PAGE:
Experience can be a valuable source of learning, whether it is from our own experiences or observing the decisions and actions of others. Two news stories I read last week, both about Burger King, reinforced one of the most important lessons a marketer can learn. I was somewhat surprised because BK has made its share of missteps in recent years and has fought to remain relevant in the quick service burger category. So what was the lesson? It was simple yet powerful: Listen. Listen to what others are saying about you as well as listen to what is going on in the world around you.
Chicken Fries, Please
The first example of Burger King being attuned to the market can be found in the story behind its re-introduction of chicken fries. The menu item was pulled in 2012, but customers have not forgotten it. Tactics such as a Change.org petition, a Facebook group, and Twitter account all paid tribute to chicken fries and advocated their return to the menu. BK listened and has brought back chicken fries… albeit for a “limited time.” It would be understandable if market analysis and other tools of the trade led to the decision to eliminate chicken fries. But, BK had irrefutable evidence iin the form of customers longing, whining, begging, or otherwise demanding to bring back a product they liked. BK listened, and chicken fries are on the menu again.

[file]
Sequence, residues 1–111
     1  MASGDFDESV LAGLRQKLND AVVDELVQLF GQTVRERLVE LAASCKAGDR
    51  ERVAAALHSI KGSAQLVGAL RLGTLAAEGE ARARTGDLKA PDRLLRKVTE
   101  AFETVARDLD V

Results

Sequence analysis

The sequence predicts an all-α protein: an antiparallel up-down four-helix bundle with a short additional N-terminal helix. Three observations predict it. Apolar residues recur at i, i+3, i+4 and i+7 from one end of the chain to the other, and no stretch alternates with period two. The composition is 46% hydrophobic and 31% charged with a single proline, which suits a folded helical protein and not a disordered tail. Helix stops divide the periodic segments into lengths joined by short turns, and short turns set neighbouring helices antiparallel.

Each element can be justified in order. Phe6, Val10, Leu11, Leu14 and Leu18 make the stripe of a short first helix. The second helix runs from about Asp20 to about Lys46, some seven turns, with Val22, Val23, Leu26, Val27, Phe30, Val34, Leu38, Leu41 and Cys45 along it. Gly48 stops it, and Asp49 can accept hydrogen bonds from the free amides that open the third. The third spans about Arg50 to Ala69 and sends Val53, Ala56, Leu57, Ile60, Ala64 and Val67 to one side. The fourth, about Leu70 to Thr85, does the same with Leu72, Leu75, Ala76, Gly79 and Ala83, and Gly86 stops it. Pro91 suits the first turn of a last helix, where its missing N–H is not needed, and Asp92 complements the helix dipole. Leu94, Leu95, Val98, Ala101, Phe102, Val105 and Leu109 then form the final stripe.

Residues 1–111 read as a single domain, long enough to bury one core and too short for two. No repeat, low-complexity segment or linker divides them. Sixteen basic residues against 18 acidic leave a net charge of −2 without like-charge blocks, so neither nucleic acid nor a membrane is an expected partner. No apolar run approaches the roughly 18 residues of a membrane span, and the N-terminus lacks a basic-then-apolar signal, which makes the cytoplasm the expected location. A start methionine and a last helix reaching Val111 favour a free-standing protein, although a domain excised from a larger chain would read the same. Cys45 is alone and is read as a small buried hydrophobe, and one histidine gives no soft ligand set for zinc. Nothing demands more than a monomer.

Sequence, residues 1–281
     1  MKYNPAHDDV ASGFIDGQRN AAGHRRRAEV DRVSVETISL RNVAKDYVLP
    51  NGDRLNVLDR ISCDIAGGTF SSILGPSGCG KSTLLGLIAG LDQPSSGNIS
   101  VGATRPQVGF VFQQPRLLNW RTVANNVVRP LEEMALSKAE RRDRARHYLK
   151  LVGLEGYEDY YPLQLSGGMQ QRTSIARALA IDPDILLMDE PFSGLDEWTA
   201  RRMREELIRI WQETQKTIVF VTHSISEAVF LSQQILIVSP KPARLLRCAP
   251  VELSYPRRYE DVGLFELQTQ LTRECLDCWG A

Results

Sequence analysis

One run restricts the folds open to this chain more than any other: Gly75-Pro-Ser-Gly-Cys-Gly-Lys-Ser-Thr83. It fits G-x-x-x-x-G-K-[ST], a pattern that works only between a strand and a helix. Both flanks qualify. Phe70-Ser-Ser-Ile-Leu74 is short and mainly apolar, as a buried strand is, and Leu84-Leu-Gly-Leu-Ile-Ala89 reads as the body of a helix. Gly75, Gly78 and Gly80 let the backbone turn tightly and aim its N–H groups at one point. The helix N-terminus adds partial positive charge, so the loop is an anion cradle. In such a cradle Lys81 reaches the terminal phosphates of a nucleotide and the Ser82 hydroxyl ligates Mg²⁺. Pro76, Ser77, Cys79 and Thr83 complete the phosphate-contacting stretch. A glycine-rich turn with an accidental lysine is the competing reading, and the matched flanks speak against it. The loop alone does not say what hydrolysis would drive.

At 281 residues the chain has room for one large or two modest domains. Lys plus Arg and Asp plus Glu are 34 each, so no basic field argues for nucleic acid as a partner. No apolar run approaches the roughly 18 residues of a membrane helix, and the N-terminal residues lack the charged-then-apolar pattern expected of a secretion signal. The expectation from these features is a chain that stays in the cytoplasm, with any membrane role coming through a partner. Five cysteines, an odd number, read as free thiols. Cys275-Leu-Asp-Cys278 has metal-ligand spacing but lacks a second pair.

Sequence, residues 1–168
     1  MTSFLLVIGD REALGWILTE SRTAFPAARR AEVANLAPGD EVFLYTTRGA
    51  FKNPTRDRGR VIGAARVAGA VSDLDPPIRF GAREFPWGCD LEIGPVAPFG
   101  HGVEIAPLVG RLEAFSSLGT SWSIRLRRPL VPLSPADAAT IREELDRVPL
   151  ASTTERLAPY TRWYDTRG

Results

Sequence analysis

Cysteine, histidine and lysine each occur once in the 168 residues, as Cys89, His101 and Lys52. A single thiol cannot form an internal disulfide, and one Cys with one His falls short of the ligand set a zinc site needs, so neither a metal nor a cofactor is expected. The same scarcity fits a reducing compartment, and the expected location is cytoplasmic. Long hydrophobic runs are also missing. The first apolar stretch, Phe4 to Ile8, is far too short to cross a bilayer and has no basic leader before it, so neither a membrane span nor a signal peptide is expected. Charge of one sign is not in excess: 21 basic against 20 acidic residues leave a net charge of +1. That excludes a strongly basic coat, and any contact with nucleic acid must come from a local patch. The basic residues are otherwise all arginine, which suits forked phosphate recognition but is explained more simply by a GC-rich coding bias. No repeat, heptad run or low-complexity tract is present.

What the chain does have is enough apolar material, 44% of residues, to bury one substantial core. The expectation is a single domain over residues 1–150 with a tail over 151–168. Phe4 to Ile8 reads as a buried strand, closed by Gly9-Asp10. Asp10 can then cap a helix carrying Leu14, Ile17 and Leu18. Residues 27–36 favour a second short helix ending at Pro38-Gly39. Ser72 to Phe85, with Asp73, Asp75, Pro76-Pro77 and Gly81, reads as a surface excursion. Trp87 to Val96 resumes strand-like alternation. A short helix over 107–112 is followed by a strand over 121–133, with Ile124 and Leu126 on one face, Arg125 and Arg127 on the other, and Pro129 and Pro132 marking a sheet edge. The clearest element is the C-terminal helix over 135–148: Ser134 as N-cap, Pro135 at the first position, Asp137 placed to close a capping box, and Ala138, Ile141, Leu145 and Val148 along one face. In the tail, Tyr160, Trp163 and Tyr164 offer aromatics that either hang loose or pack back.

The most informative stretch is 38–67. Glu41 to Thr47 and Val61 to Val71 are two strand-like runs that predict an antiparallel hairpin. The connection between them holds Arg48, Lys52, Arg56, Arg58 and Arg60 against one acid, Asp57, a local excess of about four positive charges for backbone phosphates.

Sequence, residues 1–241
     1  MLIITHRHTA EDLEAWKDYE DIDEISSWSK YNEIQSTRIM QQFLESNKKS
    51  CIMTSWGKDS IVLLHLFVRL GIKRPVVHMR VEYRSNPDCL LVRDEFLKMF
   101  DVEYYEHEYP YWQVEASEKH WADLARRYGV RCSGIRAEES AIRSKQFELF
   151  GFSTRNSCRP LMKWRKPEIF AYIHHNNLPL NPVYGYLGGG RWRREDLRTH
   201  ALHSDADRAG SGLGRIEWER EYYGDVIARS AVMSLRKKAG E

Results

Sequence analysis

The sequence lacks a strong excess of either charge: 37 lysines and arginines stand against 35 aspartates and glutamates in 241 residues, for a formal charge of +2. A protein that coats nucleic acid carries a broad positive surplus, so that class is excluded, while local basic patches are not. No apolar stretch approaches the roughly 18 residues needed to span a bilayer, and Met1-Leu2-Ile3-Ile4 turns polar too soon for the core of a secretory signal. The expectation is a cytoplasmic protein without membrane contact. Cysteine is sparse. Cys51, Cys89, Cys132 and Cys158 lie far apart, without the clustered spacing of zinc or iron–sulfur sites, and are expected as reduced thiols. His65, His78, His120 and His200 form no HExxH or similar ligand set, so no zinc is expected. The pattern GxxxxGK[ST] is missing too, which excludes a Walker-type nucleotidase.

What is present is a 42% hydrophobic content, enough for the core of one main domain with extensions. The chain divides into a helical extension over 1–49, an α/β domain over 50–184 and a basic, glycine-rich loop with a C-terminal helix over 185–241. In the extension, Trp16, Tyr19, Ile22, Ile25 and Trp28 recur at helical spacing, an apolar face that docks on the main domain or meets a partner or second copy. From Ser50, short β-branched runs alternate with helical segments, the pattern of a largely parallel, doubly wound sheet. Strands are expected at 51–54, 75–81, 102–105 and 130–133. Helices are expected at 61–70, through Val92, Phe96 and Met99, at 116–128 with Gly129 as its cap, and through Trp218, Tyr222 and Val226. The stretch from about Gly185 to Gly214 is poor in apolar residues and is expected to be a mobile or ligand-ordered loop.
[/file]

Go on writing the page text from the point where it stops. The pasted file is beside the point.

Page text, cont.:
Be in the Moment
A second example of BK showing why it is important to listen occurred last Monday as news broke about the death of Robin Williams. What would a burger restaurant have to do with the unexpected passing of a beloved entertainer? BK was scheduled to run a promoted trends ad for chicken fries on Twitter Monday evening. However, the real time conversations for which Twitter is known would surely be all about Robin Williams (and they were). Ads for fast food would not mesh well with public sentiment at such a delicate time. BK executives astutely arranged to pull the Twitter promotion. There would be other days to promote chicken fries; the moment was not right. Marketers must live in the moment, knowing when to seize an opportunity (such as the “blackout” during the 2013 Super Bowl) and when to defer to more important matters in the lives of their customers.
Ready to Listen?
Listening is perhaps the undervalued secret weapon in a marketer’s arsenal. The importance of solid communication skills is a given, but the focus tends to be on sending messages, not receiving them. We glorify the masterful copywriter and are in awe of the salesperson who can seemingly sell ice to Eskimos. Listening does not have the glamour of writing or presenting, but commitment to listening and understanding the world around us is essential for communication (and marketing) success).